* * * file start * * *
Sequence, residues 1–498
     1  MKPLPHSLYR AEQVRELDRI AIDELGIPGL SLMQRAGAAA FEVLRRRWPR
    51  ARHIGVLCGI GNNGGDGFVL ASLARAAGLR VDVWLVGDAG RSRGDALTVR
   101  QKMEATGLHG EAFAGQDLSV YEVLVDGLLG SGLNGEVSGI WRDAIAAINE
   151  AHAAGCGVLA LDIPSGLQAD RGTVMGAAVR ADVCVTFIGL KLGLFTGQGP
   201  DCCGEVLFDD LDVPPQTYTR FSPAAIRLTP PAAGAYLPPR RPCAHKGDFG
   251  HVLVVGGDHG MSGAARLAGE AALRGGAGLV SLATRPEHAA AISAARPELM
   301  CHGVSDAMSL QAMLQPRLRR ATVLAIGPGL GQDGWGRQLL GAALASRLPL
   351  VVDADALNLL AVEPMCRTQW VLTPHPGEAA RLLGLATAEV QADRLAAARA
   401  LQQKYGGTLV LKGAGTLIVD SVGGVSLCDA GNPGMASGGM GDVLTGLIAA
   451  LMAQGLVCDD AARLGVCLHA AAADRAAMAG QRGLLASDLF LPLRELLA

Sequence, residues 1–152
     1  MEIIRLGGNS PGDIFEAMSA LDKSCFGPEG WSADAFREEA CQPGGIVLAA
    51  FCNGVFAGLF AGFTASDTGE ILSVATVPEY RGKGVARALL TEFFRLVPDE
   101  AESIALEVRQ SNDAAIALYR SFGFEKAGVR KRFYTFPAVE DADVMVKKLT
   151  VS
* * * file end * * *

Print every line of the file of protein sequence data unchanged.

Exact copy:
Sequence, residues 1–498
     1  MKPLPHSLYR AEQVRELDRI AIDELGIPGL SLMQRAGAAA FEVLRRRWPR
    51  ARHIGVLCGI GNNGGDGFVL ASLARAAGLR VDVWLVGDAG RSRGDALTVR
   101  QKMEATGLHG EAFAGQDLSV YEVLVDGLLG SGLNGEVSGI WRDAIAAINE
   151  AHAAGCGVLA LDIPSGLQAD RGTVMGAAVR ADVCVTFIGL KLGLFTGQGP
   201  DCCGEVLFDD LDVPPQTYTR FSPAAIRLTP PAAGAYLPPR RPCAHKGDFG
   251  HVLVVGGDHG MSGAARLAGE AALRGGAGLV SLATRPEHAA AISAARPELM
   301  CHGVSDAMSL QAMLQPRLRR ATVLAIGPGL GQDGWGRQLL GAALASRLPL
   351  VVDADALNLL AVEPMCRTQW VLTPHPGEAA RLLGLATAEV QADRLAAARA
   401  LQQKYGGTLV LKGAGTLIVD SVGGVSLCDA GNPGMASGGM GDVLTGLIAA
   451  LMAQGLVCDD AARLGVCLHA AAADRAAMAG QRGLLASDLF LPLRELLA

Sequence, residues 1–152
     1  MEIIRLGGNS PGDIFEAMSA LDKSCFGPEG WSADAFREEA CQPGGIVLAA
    51  FCNGVFAGLF AGFTASDTGE ILSVATVPEY RGKGVARALL TEFFRLVPDE
   101  AESIALEVRQ SNDAAIALYR SFGFEKAGVR KRFYTFPAVE DADVMVKKLT
   151  VS